Lemon-scented leaves are used in teas and to flavor cold drink, fish, poultry, salads, and salad dressings
Aside from the lemony delight of growing this verbena, it is a plant for every garden space. Give this herb soil with good drainage and watch it take off. Whether in a container or in the back border the fragrant sweet leaves of verbena will set easily. A perennial in areas with frost- free winters, up to zone 8. Can be overwintered indoors in all other areas.
Start indoors in a warm, well-lighted area 8-10 weeks before last spring frost. Water the seed flat the night before Sowing because seeds are sensitive to high moisture levels. Sow seeds 1/8" deep in seed Starting formula. Bottom heat speeds germination. Keep evenly moist.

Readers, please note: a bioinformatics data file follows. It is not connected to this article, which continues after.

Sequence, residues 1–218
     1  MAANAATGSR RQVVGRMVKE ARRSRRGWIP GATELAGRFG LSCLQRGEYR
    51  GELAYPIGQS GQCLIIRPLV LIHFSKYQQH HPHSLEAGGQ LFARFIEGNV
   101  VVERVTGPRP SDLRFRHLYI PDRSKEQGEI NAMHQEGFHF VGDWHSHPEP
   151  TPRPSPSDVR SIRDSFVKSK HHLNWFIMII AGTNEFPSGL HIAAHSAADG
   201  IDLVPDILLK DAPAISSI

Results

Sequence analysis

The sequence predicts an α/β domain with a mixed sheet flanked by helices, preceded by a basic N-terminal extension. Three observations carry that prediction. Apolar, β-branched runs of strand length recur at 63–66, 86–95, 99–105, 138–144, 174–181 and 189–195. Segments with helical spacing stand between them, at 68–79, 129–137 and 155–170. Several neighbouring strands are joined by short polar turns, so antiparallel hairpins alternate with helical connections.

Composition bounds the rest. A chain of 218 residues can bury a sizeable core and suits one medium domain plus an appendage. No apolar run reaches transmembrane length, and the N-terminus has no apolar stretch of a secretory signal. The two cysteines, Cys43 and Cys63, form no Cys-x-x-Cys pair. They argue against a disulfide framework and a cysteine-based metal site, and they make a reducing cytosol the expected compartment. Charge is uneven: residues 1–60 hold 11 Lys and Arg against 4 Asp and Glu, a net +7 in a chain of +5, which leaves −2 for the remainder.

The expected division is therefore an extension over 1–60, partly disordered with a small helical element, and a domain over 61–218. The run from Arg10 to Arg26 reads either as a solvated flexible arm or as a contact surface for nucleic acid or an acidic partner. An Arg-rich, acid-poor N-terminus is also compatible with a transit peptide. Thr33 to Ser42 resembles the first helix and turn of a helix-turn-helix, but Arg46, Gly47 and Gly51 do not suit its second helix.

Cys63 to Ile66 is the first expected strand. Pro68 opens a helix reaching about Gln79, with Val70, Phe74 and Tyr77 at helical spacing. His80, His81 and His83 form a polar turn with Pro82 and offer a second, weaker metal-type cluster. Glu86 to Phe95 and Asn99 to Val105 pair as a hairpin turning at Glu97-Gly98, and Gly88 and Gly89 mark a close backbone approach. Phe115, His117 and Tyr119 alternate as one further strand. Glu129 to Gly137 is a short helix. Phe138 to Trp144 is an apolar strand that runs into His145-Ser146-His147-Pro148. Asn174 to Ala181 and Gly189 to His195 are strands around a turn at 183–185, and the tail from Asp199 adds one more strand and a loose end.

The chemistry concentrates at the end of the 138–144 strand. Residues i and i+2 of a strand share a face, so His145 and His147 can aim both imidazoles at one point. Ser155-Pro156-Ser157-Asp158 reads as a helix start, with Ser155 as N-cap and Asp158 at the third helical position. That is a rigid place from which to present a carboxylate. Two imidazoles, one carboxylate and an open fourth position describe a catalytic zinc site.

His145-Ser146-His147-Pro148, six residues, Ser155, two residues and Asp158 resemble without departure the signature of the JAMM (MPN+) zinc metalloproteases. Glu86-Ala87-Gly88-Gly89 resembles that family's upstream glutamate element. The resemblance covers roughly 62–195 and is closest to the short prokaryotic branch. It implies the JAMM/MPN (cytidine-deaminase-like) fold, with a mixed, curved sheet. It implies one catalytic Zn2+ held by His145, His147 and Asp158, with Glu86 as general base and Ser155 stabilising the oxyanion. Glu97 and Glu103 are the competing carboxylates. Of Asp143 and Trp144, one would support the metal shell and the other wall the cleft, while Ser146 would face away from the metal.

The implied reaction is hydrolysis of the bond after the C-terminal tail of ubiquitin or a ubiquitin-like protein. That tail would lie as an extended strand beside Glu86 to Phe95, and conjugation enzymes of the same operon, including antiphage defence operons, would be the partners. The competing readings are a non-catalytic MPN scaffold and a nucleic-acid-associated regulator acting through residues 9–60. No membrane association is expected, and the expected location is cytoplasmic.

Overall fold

How to Grow
Seedlings emerge in about 20 days at 65°F. Before transfer to garden, accustom seedlings to outdoor conditions by moving to a sheltered place outside for a week. SET PLANTS 12" apart in a sunny location, in well-drained soil, after danger of frost. Water until plants are established or during extended dry weather. Deadhead or shear back verbenas after the main flush of flowers to encourage rebloom. Divide in spring if they outgrow their space, lose vigor, or propogate.
Use verbenas to add bright color to any sunny planting in dry, well-drained soil. Combine them with nasturtium, gazanias, blanket flowers, lavenders, achillea, sedums, purple coneflower, and yuccas. Garden verbenas make good edging and container plants. They also attract butterflies, beneficial insects, and hummingbirds to the garden.